Published July 23 2012
Dalrymple calls for $2.5 billion in roadworkBISMARCK — Gov. Jack Dalrymple unveiled a proposal Monday to spend $2.5 billion on state roads and infrastructure during the 2013-15 biennium, calling it an “unprecedented investment.”
The plan calls for additional money to assist the oil- and gas-producing counties in western North Dakota but also addresses needs in the central and eastern portions of the state, Dalrymple said.
The proposal means spending an additional $1 billion on roads and infrastructure next biennium compared to the current biennium, he said. The money will come from a mix of federal and state funds, including tax revenue from the oil and gas industry.
“I think the investment represents a tremendous conviction that we need to help our communities. We need to help our economic development, and we need to work for the better quality of life in North Dakota that everybody expects,” Dalrymple said. “In order to do that, we need to invest in our infrastructure more than we ever have before in the coming two years.”
Senate Minority Leader Ryan Taylor of Towner, who is challenging Dalrymple in the governor’s race, said this kind of investment was needed a year ago.
“We need action not just in an election year but every year, and my dedication to leading on these issues will be there year in and year out,” Taylor said in a statement. “I’m happy to be in this race to force some action on the governor’s office and get North Dakotans the funds they need to have safe, reliable roadways across the state.”
Dalrymple said infrastructure has always been important to his administration. When he entered office in late 2010, he more than doubled the state’s commitment to infrastructure from $609 million to nearly $1.4 billion, he said. Now he plans to ask the Legislature to approve an additional $1 billion.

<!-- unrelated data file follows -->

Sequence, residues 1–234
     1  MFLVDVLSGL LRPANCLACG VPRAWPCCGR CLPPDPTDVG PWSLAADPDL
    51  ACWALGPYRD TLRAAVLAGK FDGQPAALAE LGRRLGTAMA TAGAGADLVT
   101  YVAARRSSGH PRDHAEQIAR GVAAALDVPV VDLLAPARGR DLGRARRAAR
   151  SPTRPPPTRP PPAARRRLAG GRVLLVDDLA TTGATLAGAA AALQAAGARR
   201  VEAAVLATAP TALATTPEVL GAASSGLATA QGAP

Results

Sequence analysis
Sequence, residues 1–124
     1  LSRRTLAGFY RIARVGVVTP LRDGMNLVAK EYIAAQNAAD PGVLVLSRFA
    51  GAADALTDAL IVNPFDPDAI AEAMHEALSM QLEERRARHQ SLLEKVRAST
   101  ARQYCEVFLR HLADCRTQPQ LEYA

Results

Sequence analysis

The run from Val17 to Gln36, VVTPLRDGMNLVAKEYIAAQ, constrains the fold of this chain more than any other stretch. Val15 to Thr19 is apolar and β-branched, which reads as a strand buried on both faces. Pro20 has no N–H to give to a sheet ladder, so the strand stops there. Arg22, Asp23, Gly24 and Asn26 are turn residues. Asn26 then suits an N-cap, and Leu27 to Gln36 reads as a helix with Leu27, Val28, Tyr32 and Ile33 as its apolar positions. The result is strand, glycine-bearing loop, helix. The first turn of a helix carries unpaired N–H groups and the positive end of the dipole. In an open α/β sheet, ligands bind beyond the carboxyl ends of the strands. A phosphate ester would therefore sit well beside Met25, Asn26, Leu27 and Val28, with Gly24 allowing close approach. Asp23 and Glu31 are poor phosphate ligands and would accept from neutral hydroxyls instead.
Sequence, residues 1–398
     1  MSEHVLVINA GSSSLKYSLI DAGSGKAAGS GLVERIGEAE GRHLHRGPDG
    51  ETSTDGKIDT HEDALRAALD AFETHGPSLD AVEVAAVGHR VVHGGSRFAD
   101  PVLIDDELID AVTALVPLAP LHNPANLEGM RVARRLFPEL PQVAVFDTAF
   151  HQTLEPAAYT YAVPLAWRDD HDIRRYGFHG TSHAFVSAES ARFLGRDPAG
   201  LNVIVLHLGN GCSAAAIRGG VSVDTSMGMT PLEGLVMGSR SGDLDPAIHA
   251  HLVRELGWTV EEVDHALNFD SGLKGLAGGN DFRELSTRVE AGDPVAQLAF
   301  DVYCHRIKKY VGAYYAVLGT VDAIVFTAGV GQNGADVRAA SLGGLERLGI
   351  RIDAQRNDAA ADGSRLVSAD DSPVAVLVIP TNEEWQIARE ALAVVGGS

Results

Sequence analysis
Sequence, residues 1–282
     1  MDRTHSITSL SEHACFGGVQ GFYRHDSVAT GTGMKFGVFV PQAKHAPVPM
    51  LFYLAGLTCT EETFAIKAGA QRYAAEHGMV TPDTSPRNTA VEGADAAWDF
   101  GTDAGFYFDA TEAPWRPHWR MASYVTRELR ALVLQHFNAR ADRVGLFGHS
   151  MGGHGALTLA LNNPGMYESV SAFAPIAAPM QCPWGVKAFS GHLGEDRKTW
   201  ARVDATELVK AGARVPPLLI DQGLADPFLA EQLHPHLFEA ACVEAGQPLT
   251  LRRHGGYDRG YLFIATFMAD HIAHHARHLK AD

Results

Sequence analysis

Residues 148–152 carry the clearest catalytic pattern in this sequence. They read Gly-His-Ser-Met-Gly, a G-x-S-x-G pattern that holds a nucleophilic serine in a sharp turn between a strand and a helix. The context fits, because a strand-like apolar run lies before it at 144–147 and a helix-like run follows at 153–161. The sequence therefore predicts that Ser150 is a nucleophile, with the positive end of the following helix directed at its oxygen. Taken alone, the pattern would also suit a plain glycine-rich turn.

“I want to make it clear that we will not ask the central parts of the state and the eastern part of the state to sacrifice anything because of the large new investments in western North Dakota,” Dalrymple said. “We will proceed to put together, in the traditional way, our statewide transportation budget and all areas will be entitled to the same kind of funding that they’re accustomed to.”
Under Dalrymple’s plan, there would also be a new $1 billion enhanced road and highway fund for one-time investments. These include extraordinary state highway maintenance projects, truck reliever routes, upgrading two-lane highways to four-lane, underpasses and special assistance to townships.
The majority of this money would be invested in western North Dakota, Dalrymple said.
“But there is funding throughout several of these other pieces that can wind up in other parts of the state as well,” he said.
Dalrymple also proposes revising the oil and gas tax formula that provides money to the oil counties. Under his plan, more money would flow directly to the counties, growing from the now expected $270 million for the 2013-15 biennium to $400 million.
Dalrymple wants to keep the oil and gas impact fund at its current level of $135 million. This money is used to provide grants to cities, townships, emergency services and other political subdivisions in oil-impacted counties.
The plan also includes $145 million for county and township road reconstruction, and a special $100 million distribution to non-oil producing counties.
Dalrymple, a former chairman of the House Appropriations Committee, said he believes his proposal can pass the Legislature. There will still be money left over to provide “substantial” tax relief and take care of regular program needs, such as education and human services, he said.
“Sometimes people ask me how this is all possible. How can we possibility take care of all of these investments and have room for tax relief at the same time?” Dalrymple said. “I say it’s because our economy is doing so well, and we do have a great deal of revenue coming in because the economy in North Dakota is the best in the nation.”